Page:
The National Institute of Standards and Technology (NIST) announced the first step in the development of a cybersecurity framework for critical infrastructure protection, a set of voluntary standards and best practices to guide industry in reducing cyber risks. Pres.
Incompetence and overreach at the EPA.
The EPA’s new method for measuring the amount of methane that escapes from natural gas wells is based on flawed data. Oklahoma’s attorney general says this misguided policy decision treads on state regulatory authority and stifles resource development.
Clean energy jobs will be gone soon, if America fails to commit.
America needs an energy policy today that will bring together our best and brightest, harness the limitless capabilities of our research institutions, and invest whatever it takes to ensure America’s leadership in clean energy technologies. The result will be to create billion-dollar industries and millions of new jobs.
1. ‘Policy’ Guides the Grid; 2. Carbon Not a Nuisance (Yet); 3. Gigabucks for Negawatts; 4. A MOPR, Not a NOPR; 5. Ramp Up the Frequency; 6. Cap-and-Trade Still Lives; 7. Cyber Insecurity; 8. Korridor Killer; 9. The Burden Not Shared; 10. Ozone Can Wait.
Can time-of-use rates drive the behavior of electric vehicle owners?
Time-of-use (TOU) pricing might seem like the ultimate solution to ensure electric vehicle charging loads won’t overburden the grid. But will TOU rates guide drivers’ behavior when it’s time to top up their batteries? Early indicators suggest the answer varies among vehicle owners and pricing plans.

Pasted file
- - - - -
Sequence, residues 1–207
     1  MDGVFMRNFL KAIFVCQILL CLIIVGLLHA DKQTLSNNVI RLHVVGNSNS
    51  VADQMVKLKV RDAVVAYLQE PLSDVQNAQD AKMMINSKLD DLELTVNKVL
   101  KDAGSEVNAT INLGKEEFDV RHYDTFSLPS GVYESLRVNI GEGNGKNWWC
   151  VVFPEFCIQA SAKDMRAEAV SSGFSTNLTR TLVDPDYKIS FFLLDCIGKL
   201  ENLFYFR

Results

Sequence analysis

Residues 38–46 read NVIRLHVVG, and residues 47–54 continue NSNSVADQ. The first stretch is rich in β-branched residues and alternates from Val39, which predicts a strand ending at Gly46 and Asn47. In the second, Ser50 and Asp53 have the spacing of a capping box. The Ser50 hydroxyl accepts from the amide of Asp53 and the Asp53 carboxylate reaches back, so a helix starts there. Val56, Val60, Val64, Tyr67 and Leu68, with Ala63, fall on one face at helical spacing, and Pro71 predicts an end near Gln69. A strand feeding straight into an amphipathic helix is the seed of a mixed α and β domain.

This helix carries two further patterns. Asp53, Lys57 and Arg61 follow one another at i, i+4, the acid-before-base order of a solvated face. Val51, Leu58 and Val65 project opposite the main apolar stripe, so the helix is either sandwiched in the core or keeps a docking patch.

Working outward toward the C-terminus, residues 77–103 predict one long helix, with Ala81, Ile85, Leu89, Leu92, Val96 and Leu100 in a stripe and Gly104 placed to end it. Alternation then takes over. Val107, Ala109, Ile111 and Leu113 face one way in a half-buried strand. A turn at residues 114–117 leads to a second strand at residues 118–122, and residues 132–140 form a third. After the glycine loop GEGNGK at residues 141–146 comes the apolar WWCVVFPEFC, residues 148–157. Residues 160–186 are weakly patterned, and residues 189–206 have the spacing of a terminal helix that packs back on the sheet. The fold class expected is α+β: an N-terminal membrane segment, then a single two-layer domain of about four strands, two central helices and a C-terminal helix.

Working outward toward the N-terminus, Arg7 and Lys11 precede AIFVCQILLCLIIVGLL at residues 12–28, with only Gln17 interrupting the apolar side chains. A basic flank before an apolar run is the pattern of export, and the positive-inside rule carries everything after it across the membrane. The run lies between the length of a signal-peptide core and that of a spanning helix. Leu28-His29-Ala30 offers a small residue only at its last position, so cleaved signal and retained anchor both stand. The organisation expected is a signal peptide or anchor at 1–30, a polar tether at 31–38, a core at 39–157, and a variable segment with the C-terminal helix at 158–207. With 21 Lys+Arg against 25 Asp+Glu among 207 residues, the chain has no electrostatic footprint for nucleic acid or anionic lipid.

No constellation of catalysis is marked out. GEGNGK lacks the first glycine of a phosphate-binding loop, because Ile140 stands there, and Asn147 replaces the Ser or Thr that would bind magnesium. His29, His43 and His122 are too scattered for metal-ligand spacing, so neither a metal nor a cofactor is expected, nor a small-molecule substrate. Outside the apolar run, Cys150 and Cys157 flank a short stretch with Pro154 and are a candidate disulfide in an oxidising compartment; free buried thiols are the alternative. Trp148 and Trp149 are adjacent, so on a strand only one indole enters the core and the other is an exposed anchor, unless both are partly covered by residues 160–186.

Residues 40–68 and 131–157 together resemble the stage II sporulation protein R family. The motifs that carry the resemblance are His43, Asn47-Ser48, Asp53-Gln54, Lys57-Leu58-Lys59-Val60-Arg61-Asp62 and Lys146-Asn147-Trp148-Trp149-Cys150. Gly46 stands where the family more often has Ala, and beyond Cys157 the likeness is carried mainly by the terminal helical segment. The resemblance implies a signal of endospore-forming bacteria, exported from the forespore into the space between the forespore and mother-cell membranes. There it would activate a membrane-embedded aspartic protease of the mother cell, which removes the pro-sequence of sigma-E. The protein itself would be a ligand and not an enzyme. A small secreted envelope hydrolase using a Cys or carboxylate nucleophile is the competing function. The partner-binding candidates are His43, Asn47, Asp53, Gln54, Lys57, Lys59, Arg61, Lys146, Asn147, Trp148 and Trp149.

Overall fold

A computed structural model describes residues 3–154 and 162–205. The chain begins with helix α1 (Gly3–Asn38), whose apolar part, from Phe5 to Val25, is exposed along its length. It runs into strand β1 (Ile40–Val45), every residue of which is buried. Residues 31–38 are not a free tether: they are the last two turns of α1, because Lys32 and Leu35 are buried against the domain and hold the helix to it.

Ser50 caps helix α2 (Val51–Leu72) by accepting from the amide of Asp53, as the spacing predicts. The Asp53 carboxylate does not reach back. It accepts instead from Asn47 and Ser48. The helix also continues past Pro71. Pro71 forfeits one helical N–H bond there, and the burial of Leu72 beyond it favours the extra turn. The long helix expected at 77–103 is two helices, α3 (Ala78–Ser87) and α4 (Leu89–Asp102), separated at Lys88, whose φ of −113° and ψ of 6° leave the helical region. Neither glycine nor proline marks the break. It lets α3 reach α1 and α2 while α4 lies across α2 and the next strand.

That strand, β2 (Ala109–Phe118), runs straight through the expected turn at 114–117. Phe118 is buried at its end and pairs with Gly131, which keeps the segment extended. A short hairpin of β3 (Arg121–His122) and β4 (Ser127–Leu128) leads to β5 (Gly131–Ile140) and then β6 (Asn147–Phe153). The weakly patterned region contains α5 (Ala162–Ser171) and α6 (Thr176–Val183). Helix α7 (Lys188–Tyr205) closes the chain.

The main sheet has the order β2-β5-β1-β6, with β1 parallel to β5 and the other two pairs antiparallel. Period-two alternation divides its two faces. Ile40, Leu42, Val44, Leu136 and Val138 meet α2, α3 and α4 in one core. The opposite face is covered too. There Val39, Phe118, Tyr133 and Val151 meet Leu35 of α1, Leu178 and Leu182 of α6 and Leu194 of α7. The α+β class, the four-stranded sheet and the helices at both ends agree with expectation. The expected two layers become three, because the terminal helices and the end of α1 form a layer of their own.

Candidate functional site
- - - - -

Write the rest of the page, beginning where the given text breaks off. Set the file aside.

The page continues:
Connecting vehicles to smart systems.
Electric vehicles (EV) are just getting started, with rapid growth ahead. Plug-in hybrids and other EVs could capture 20 percent of the U.S. auto market by 2030. When planning for future infrastructure and technology needs, utilities face difficult questions about how EVs will interact with the utility grid. A comprehensive approach to communicating and integrating vehicle information will allow utilities and drivers to make the most of smart electric transportation.
‘We can’t have it both ways: costly mandates without full consumer understanding and support.’
A senator’s crusade limits America’s options.
Oklahoma Sen. James Inhofe has made it his mission to block environmental regulations, especially greenhouse gas constraints. His most recent attack targets John Bryson, former Edison International CEO and Pres. Barack Obama’s nominee for Commerce Secretary. But rather than protecting economic interests, as Inhofe purportedly aims to do, his actions have added to the ongoing policy chaos that frustrates clean coal development.
Fukushima shockwaves hit America’s nuclear renaissance.
In the aftermath of the March 11 earthquake and tsunami, questions are arising about the safety and survivability of reactors located in geologically active areas. Major changes might be required, and as a result the U.S. nuclear industry might face an existential challenge on the order of the Three Mile Island accident.
Only the fittest solutions survive in America’s policy wilderness.
All things being equal, momentous events like the Fukushima nuclear disaster and the Arab spring would bring fundamental changes in U.S. energy policy. But things aren’t equal, and they never will be under America’s democratic and capitalistic process. Frustrating? Maybe, but it’s the only way to ensure our decisions are based on sound economic and environmental principles.